|Harry Baker doing a TED Talk|
It’s enough to make you sick, isn’t it?
At least it would be, if I wasn’t so stoked for him!
See, it’s actually pretty amazing to watch people succeed within the poetry community, and it’s even more amazing to see that writing and performing can become a career, if you work hard enough and have the talent.
(Fingers crossed maybe I’ll get there one day too!)
It goes without saying, but I really enjoyed the performance on Wednesday night. Harry has an incredibly engaging performance style, and his poetry is filled with wit and warmth, and is brilliantly funny without ever being mean-spirited. I particularly enjoyed his Dinosaur Love poem (complete with all the growls of a T-Rex) and the German/English poem Falafel Löffel was like a master class in creative word play – and pretty hilarious to boot!
Plus, I got the chance to see some pretty awesome local performers too. Dan Clark is a particularly favourite of mine. I absolutely love the way his mind works, and his rhymes are effortlessly tight and lyrical, without being pretentious in the least. I particularly loved hearing ‘April Fool’, but the whole set was fantastic.
And, I finally got the chance to see Lee Turner (aka Nature Culture) who played an incredible set, with a lyrics full of whimsy and a funky bass guitar. My favourite songs were Little Mardi Gras and Gramophone Cactus, but the whole set was so joyful and full of energy that I just couldn’t keep still! Amy Wragg, who organised the event, did a bloody brilliant job, and I'm really looking forward to working with her again at Folk East in August!
|Terrible photo (of an awesome night)|
While I was back in East Anglia, I took a wander round my old stomping ground, the lovely city of Cambridge. I was there to visit the Museum of Cambridge, because I’m working on putting together a Poetry Trail for them based on the objects and artefacts displayed in the museum. And, given that I hadn't actually been there for ages, I thought it was about time that I refreshed my memory and checked out the permanent exhibitions.
The museum is one of those great little treasures in the town, and it’s filled to the brim with all sorts of weird and wonderful treasures. They have a bit of everything, from historical objects relating to the Colleges of Cambridge University, to working artefacts from Cambridgeshire’s agricultural past, and some fantastic gadgets and gismos which tell the story of industrial progress in the home.
|This may look like a torture device, but it's actually an apple corer. Poor apples!|
There are some brilliant objects in the museum, and I’ve now got a load of notes and photos from which to write my poems. So, if you want to know what I’ll be doing this weekend, I will be writing about eel traps and Victorian toys and sugar loaves.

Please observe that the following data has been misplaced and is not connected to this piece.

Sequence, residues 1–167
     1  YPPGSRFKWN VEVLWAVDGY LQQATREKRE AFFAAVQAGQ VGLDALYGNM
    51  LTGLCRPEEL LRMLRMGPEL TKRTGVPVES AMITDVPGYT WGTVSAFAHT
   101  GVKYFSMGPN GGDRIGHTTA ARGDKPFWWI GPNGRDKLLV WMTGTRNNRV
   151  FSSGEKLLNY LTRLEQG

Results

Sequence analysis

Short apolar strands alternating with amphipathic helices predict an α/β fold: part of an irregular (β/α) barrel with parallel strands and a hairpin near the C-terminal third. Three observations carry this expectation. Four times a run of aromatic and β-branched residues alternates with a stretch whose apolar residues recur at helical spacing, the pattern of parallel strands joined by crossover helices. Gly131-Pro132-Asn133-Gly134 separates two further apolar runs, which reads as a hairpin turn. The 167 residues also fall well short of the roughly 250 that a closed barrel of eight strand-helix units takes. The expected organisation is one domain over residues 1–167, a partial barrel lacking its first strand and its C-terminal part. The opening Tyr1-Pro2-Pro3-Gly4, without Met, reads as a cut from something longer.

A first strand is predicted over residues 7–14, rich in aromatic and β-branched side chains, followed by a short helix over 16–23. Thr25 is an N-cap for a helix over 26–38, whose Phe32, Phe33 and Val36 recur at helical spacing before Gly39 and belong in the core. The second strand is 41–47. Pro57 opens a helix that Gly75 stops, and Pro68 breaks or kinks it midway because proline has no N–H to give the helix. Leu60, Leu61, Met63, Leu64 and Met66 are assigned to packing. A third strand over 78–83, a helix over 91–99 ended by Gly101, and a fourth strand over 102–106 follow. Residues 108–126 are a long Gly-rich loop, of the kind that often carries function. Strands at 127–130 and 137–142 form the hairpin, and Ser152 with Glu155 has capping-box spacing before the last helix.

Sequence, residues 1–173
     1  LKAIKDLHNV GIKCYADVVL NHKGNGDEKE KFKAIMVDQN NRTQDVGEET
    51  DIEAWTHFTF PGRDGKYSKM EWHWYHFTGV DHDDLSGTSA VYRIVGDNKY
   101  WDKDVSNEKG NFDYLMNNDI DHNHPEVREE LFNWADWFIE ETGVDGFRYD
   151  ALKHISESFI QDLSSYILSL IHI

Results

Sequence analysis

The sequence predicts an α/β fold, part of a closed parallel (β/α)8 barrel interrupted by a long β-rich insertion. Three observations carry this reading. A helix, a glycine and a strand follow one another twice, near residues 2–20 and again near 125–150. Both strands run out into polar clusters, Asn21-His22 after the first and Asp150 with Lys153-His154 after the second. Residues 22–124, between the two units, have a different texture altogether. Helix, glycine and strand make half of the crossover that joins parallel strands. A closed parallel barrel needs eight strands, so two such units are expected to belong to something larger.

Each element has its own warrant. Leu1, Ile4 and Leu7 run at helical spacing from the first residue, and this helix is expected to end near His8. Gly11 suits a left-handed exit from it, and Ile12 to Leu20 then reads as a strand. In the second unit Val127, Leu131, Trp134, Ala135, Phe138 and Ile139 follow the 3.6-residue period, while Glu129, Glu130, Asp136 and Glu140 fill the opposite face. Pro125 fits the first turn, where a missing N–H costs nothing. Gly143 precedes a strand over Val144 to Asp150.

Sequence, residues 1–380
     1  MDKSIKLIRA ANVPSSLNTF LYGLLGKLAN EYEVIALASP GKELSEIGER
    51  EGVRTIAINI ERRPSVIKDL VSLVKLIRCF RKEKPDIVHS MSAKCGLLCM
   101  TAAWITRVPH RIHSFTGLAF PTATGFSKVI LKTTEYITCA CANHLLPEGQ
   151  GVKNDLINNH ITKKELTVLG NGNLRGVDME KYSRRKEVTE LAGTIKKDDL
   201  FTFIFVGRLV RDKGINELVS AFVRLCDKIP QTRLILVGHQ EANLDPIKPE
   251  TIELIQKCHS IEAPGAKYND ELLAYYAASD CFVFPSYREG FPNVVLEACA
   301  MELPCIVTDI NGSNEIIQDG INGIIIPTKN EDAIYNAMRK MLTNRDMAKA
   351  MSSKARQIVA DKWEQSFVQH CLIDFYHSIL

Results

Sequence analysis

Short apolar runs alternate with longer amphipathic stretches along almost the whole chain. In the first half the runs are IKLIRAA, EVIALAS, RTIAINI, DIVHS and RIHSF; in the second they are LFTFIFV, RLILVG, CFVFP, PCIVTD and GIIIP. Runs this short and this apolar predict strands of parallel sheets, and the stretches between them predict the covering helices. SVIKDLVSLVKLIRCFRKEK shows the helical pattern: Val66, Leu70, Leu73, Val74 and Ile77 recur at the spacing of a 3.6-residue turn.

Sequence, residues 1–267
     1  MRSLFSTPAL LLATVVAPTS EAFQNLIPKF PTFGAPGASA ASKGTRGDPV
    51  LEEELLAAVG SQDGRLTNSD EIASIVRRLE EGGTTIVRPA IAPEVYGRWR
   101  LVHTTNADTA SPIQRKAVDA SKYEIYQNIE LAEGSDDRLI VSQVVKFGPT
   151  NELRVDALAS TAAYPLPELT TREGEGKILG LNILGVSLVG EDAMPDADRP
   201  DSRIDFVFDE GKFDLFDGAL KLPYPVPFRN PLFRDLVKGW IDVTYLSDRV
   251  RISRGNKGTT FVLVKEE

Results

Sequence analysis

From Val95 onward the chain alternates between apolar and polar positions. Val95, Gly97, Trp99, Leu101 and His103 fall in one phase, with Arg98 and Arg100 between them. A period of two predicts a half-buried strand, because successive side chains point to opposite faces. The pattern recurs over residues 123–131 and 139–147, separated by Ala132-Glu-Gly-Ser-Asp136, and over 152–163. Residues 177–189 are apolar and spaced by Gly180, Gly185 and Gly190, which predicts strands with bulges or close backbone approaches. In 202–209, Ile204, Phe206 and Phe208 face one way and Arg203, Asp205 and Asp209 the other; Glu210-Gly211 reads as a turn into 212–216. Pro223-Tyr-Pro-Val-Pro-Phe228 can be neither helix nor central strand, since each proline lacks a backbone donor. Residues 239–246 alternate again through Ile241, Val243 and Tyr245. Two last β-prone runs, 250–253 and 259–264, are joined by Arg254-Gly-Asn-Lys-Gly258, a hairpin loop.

And you know what? I’m pretty happy about that!
|How could you not love a museum with this sort of thing in it?!|
This week, I also got the chance to see three performances from local poets as part of the Nottingham FONT Festival.
I saw 'Cutting Edge' by Michelle Mother Hubbard, 'God Save the Teen ' by Mulletproof Poet, and an extended poetry set from Ben Norris, and all three of them were brilliant in very different ways:
Cutting Edge was first, a piece that spoke about Female Genital Mutilation and similar cultural practices that harm women and girls around the world. Michelle's vivid and graphic depictions of these practises were very hard to stomach at times, and I was shocked by some of the things she described. It was a really eye-opening performance, and I would definitely recommend it as a bold and unflinching piece of social commentary.
Ben Norris was up next, with a fantastic collection of poems that illuminated the age-old themes of family and growing up with a wonderful mix of sober reflection and laugh-out-loud wittiness. One of my favourite pieces was a list poem about moving to London and trying not to become a wanker. Ben candidly revealed that the poem did not play well with audiences in the capital, although it was very well received outside of London. Funny, that...
Finally, Andrew Graves aka Mulletproof Poet gave us a tour around his old estate, taking in school yard bullies and slightly creepy PE Teachers, before moving through to his first job staking shelves, his dreams of being a rock star, and his eventual career as a youth worker.
|Photo Courtesy of FONTfest|
I really loved all three performances, despite their very different styles and tones, and I think I also learned quite a lot about the structure and narrative of long-form performances pieces. Seeing these shows has definitely inspired me to pick up my old notes and go back to working on my ideas for an hour-length show of my own. So watch this space, I guess!
I haven’t got any gigs next week, but I am going to the Restless Pens and Foreign Tongues workshop at the Nonsuch Theatre on Bank Holiday Monday. The workshop is being run by the Mouthy Poets in collaboration with their German sister collective Loewenmaul, and it’s going to be a lot of fun! I really like the idea of using foreign languages as inspiration for creative writing, and I’m really looking forward to trying something a bit different as well.
There’ll also be a performance in the evening, where participants can show off their work-in-progress, and also watch performances from members of Mouthy and Loewenmaul (who’ll be joining the show courtesy of skype).
It’s going to be a really cool event, so if you have a bit of time to kill on the Bank Holiday, why not come along. You can find all the details here.